The environmental group said the North Pole should have the same sorts of protections given the Antarctic more than 20 years ago. No single nation has sovereignty over Antarctica, and the continent is reserved for scientific research, off-limits to commercial projects. The Arctic, which is believed to hold up to a quarter of the Earth's undiscovered oil and gas, is currently considered the high seas, but several nations have recently made plans to establish their sovereignty over the Arctic seabed, a move that could open the area to deep-sea oil drilling.

AP


News in Brief

Human skeleton found in Fa-Hsien Cave

A complete human skeleton which could be the oldest found so far in South Asia has been found in Sri Lanka, archaeologists said. It was excavated from a cave in western Sri Lanka. Officials will send it for carbon-dating and expect results in a month.Other items, excavated from the same layer as the skeleton, have been confirmed as dating back 37,000 years.Stone and bone tools were found with the skeleton.

The skeleton thought to be homo sapiens was found in Fa - Hsien Cave in the district of Kalutara, Western Province.Human remains were also discovered at the cave in the 1960s and 1980s.According to archaeologist Nimal Perera the recent find proves that homo sapiens settled in Sri Lanka about 40,000 years ago.He said that it is the first time that a complete pre-historic human skeleton has been unearthed in Sri Lanka.

More evidence is currently being unearthed about its eating habits, rituals and equipment made out of stone.Some ornaments made of beads have also been excavated,along with weapons made of animal bone.


Many schoolchildren affected by epilepsy

Around 300,000 people in Sri Lanka are epilepsy patients. The most tragic situation is that most are pre-school and schoolchildren. Without being properly treated,their future will be at risk, a Health Ministry source said.

Epilepsy is a disease which all family members should pay attention to, even if one person in the family is suffering from it.The majority of patients seeking outdoor treatment from state hospitals countrywide for neuro diseases suffer from epilepsy.All Epilepsy patients should receive proper treatment and therefore the Health Ministry has decided to establish the National Epilepsy Treatment Hospial attached to the Colombo National Hospital. The hospital will consist of eight storeys. The best treatment for neuro diseases in Sri Lanka can be received at this hospital. The construction of this hospital has already commenced. The Government is to spend Rs. 3,000 million on this project with financial assistance from the Saudi Arabian government. The hospital is scheduled to be completed by 2014.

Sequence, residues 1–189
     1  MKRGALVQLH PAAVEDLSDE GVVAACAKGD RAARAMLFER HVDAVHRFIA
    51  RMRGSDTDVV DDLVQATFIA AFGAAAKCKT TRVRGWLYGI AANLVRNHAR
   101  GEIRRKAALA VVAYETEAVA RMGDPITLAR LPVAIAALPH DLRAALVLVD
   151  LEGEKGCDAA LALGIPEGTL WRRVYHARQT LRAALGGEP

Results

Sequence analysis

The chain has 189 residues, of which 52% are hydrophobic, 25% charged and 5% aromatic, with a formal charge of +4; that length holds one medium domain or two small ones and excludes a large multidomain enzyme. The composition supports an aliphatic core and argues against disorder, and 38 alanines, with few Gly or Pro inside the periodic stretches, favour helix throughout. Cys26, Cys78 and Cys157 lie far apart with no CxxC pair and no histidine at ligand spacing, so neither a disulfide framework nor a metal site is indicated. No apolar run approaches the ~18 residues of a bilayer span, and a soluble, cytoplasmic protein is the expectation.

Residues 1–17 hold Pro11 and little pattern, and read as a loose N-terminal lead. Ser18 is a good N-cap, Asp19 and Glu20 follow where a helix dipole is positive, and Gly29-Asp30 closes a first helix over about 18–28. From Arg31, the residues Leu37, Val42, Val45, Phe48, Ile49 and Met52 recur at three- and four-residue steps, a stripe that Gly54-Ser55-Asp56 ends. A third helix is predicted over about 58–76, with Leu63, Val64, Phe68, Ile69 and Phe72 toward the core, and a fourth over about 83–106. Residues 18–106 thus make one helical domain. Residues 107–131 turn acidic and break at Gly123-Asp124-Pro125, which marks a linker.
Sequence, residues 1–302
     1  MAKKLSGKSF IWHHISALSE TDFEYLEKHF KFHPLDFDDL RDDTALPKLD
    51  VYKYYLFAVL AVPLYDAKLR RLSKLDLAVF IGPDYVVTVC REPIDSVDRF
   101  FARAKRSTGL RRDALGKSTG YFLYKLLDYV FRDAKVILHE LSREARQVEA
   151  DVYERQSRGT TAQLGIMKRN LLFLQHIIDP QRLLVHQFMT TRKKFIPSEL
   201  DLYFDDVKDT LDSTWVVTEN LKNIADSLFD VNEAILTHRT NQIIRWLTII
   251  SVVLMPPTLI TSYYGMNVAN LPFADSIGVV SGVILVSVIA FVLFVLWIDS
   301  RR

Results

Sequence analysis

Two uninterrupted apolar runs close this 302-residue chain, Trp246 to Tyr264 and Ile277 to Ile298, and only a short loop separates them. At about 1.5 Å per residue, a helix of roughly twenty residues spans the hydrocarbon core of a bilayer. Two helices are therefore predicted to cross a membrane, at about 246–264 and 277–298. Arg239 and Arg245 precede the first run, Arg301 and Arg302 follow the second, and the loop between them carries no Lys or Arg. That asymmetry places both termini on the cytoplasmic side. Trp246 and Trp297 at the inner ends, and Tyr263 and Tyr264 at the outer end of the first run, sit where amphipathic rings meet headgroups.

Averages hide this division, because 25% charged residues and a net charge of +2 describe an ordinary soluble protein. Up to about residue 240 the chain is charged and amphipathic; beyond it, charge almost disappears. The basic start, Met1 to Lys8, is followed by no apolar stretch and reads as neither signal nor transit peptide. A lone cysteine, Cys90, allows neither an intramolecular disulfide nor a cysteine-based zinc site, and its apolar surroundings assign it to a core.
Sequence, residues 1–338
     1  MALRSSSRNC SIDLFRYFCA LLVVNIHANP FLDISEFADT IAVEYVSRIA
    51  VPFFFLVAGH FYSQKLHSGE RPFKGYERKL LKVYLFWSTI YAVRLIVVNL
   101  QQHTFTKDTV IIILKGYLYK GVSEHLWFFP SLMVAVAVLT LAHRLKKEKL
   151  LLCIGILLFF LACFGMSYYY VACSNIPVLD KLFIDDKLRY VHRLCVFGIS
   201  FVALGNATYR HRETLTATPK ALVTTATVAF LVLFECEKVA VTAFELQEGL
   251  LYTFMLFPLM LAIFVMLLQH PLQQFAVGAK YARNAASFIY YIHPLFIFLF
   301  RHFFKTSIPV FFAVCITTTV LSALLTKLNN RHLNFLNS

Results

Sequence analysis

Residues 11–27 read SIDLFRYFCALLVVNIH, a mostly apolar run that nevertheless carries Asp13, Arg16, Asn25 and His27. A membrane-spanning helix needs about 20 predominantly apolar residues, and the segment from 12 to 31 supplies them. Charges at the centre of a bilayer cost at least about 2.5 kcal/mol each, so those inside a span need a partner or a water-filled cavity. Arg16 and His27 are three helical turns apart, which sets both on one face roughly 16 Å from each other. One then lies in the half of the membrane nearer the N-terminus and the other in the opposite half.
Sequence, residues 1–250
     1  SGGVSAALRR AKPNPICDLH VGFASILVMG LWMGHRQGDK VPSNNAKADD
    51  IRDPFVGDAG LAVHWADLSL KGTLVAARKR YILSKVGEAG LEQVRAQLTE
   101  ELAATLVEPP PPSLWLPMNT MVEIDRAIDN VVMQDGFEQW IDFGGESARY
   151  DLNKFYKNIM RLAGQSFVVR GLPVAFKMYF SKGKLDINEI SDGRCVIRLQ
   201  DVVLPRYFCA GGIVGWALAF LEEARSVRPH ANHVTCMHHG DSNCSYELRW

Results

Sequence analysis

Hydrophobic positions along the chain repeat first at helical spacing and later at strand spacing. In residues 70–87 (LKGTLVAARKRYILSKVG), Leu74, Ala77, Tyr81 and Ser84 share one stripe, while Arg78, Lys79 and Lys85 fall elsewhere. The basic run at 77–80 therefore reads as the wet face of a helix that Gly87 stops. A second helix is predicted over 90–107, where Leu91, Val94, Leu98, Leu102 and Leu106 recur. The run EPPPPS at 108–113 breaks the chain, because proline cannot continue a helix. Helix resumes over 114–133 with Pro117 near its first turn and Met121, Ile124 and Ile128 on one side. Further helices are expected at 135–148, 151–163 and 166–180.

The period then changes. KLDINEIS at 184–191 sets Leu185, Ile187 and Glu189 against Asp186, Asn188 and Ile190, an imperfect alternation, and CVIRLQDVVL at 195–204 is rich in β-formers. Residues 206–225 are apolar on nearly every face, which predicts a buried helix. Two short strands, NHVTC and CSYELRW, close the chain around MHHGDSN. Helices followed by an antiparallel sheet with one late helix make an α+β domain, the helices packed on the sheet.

Dust mites in human ears

Doctors have found hundreds of home dust mites, similar to those found in mobile phones, in a human ear first time in Sri Lanka, Ministry of Health said.

This discovery was made by doctors of the Kalutara, Nagoda hospital when a patient arrived with an abnormal dust-like growth in his ear.

These organisms usually grow in external environments and this is the first time doctors discovered them in an internal environment. Doctors say that this maybe due to the lack of personal hygiene and it is not yet confirmed that they have entered the victim's ear via a mobile phone.

 

 


Adolescents at risk of becoming diabetics

According to a survey carried out by the Diabetes Centre, one in four urban adolescents in Sri Lanka is sliding down a slippery slope into an abyss where diabetes awaits them. This first-ever Sri Lankan survey of young persons screened to ascertain the risk factors for diabetes, has thrown up startling but not unexpected results.

The research has found that 24 percent of the adolescents between 10 to 14 years had two or more risk factors for the development of type two diabetes. The risk factors include increased body mass index, raised waist circumference, high levels of physical inactivity and first-degree family history.

The most significant risk factor detected among the 10 to 40 age group was physical inactivity which had an overall prevalence of about 45 per cent while the prevalence of central obesity was 38 per cent with more females than males being prone to this risk factor.